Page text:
Twisted Light Beams Used to Transmit Data Across Vienna

Twisted Light Beams Used to Transmit Data Across Vienna | In Compliance Magazine

University of Vienna scientists used light beams configured in 16 different patterns that corresponded with binary numbers to test a new method of transmitting data.  The scientists used Orbital Angular Momentum of light (OAM) to twist the green laser into a corkscrew shape to increase the amount of potential communication channels. This was the first time OAM was used for long distance open-air data transmission.

A green laser was mounted on top of a radio tower at the Central Institute of Meteorology and Geodynamics and directed at a receiver at the University of Vienna. Sixteen different patterns were used to encode grey-scale images of Wolfgang-Amadeus Mozart, Ludwig Boltzmann, and Erwin Schrödinger across the Vienna. At the University of Vienna, a camera detected the beam and used an artificial neural network; the atmospheric interference was filtered out to reveal the transmitted images. This new method of transmitting data could be applicable in satellite and open air applications.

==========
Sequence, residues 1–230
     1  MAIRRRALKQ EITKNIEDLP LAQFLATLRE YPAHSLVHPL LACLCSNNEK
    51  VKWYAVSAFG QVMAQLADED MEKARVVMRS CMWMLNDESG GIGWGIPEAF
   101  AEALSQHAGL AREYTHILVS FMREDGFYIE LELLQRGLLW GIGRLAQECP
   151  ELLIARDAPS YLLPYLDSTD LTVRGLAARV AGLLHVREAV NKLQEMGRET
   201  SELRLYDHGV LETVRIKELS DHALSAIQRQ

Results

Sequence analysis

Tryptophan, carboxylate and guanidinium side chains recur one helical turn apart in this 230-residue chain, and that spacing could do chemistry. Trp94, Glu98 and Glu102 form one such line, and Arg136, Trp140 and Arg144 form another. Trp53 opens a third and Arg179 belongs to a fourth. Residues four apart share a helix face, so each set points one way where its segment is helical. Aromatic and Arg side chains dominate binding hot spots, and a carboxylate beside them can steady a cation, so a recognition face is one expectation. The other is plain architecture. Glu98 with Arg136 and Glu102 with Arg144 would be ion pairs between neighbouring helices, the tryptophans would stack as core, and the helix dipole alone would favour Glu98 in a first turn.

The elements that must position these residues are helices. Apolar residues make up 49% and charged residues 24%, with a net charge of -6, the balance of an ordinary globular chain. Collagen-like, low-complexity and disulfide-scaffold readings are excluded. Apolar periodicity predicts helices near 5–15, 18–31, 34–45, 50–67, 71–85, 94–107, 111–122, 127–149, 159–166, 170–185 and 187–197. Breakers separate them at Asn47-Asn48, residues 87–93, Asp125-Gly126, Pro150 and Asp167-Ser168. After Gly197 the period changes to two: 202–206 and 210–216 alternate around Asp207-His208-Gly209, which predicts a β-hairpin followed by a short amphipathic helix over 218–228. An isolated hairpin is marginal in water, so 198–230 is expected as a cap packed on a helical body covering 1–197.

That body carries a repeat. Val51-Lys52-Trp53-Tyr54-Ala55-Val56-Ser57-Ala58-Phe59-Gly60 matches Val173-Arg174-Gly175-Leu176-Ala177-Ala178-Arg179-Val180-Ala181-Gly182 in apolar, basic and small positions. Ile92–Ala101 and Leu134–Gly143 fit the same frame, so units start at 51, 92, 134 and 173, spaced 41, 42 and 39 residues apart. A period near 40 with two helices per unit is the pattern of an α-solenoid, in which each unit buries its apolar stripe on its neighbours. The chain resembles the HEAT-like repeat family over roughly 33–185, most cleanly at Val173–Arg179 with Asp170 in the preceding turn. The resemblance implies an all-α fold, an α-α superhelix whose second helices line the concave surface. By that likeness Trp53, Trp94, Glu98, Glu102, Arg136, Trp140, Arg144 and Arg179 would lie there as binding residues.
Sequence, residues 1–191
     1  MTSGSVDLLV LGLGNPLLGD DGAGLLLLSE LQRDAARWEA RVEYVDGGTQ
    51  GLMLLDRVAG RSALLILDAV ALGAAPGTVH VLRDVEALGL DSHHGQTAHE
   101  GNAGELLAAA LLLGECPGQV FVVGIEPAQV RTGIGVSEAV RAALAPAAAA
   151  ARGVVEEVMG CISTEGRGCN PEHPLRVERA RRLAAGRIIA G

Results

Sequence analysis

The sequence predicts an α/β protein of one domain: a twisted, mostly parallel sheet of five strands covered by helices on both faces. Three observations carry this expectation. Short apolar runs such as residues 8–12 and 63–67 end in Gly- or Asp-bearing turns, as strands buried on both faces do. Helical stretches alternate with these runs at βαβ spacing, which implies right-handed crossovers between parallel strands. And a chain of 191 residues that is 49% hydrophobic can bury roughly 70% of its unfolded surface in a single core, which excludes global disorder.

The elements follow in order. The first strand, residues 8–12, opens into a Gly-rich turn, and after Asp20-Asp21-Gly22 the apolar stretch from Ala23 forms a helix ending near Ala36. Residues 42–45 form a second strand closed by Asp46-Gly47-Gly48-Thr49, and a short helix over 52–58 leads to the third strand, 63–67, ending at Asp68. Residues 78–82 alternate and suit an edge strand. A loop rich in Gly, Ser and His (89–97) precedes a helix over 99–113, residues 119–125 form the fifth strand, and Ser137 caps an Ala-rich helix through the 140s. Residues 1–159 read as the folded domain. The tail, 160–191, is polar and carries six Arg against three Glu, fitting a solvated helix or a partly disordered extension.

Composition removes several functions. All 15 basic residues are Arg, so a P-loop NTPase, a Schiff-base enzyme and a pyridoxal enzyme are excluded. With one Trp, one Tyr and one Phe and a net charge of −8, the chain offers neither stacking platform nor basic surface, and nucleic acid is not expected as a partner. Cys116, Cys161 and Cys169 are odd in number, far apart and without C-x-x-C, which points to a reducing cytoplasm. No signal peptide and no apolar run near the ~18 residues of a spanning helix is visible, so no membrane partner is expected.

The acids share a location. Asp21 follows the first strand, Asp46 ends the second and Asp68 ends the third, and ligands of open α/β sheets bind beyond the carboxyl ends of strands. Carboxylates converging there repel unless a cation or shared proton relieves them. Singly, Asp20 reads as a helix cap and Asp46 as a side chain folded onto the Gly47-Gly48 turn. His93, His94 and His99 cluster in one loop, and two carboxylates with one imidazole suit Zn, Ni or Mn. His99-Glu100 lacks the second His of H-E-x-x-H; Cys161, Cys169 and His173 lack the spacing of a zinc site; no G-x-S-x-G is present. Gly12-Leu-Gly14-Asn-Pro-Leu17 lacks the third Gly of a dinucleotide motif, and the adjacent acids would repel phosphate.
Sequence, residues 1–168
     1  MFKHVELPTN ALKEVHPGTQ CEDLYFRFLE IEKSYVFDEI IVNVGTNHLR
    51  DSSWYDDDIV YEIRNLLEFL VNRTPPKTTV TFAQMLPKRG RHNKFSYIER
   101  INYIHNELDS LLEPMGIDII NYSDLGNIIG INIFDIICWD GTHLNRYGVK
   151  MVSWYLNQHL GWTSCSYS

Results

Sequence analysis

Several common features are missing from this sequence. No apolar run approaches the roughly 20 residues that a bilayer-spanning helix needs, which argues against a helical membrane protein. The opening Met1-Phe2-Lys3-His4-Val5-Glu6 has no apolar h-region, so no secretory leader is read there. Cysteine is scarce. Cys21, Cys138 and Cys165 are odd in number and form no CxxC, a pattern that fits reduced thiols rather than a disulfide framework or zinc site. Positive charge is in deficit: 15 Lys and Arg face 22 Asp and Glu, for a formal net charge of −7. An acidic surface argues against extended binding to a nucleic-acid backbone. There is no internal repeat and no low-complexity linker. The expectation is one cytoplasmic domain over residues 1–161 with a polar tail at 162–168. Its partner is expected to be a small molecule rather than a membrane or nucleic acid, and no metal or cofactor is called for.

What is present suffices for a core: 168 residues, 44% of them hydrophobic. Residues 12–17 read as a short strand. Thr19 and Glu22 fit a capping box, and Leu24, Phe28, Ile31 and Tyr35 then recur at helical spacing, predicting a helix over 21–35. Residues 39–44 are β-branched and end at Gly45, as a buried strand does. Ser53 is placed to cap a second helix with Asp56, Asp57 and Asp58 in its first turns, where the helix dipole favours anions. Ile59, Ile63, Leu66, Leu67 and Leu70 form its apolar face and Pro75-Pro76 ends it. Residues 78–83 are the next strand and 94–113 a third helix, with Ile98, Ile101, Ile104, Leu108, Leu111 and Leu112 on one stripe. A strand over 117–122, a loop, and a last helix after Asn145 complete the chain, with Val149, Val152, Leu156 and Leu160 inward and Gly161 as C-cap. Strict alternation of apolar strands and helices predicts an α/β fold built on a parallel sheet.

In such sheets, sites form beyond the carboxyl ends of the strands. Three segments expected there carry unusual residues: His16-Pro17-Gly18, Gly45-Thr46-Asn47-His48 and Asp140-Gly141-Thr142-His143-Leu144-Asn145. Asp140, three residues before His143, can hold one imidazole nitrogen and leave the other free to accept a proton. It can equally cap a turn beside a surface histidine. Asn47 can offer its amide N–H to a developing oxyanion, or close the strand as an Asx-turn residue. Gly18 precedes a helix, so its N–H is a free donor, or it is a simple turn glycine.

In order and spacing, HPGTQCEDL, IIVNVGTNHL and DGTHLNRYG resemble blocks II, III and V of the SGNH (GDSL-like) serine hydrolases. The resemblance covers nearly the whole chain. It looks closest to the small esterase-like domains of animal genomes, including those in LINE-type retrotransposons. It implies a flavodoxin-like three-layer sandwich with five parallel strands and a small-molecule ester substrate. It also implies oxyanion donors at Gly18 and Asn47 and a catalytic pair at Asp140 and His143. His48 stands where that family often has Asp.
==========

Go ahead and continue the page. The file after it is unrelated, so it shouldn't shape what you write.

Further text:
Read more about using twisted light beams to transmit data. 

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